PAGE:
By Jaymie Baxley
North Carolina is in the process of reviewing Medicaid eligibility for more than 2.9 million residents amid the unwinding of a federal mandate that prevented states from kicking people off the rolls during the COVID-19 pandemic.
Known as the continuous coverage requirement, the mandate created by Congress in early 2020 protected Medicaid beneficiaries from losing coverage even if they no longer qualified for the program. It expired in April with the end of the public health emergency, allowing states to disenroll residents for the first time in nearly three years.
Terminations are not set to begin until July in North Carolina, but a top Medicaid official for the Biden administration has noticed a concerning trend among states that are further along in the process.
“What we’re seeing across the country for states that have started to disenroll people is that there are large numbers of terminations,” Daniel Tsai, director of the Center for Medicaid and CHIP Services at the U.S. Centers for Medicare and Medicaid Services, said during a videoconference with North Carolina reporters on June 9.
He said a lot of the people losing coverage was because of “procedural red tape,” rather than being over the income limits that determine eligibility. The issue is compounded by a lack of public awareness, according to Tsai. He said many at-risk enrollees do not know about the unwinding and the effect it could have on their benefits.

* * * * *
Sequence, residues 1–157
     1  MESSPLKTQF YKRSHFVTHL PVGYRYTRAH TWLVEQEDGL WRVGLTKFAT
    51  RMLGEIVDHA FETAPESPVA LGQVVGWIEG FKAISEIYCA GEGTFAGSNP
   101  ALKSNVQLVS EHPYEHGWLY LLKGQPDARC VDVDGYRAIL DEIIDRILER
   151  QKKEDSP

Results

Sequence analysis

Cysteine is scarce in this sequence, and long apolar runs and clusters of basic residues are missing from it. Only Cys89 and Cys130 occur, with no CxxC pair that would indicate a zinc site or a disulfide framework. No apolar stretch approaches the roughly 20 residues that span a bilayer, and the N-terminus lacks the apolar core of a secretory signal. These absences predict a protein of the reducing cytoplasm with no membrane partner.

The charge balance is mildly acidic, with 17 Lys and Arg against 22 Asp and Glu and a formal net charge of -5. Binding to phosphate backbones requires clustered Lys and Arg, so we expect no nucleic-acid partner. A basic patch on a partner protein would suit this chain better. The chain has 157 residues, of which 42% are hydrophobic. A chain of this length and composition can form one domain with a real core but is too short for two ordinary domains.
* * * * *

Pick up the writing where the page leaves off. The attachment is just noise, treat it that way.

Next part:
“I would anticipate when terminations actually start, then you’re going to start to see a bunch of folks realizing for the first time that this is happening,” he said. “That’s of concern to all of us, and we really want to make sure that people get the word out.”
While the criteria for Medicaid varies from place to place, most states use the federal poverty level as a baseline for eligibility. This means the people at greatest risk of losing coverage should be those with incomes that now exceed the limit for their state, which in North Carolina is $24,860 in annual earnings for a family of three.
Several states are reporting worryingly high rates of terminations for what are essentially paperwork issues. A recent study by KFF, formerly known as Kaiser Family Foundation, found that more than 80 percent of unwinding-related terminations in Arkansas, Florida, Indiana and West Virginia involved residents who “did not complete the enrollment process and may or may not still be eligible for Medicaid.”
“Millions of Americans’ health insurance and health care coverage is really at risk,” Tsai said. “We are urging every state across the country to do more and to take up many of the strategies we have put out on the table from a federal standpoint that really help make it easier for eligible people to stay covered.”
One strategy the Biden administration is promoting, Tsai said, is automatically renewing coverage for people who continue to qualify for Medicaid. According to North Carolina’s unwinding plan, the state hopes to complete most renewals “without any contact with the beneficiary” using information collected from wage databases and other sources.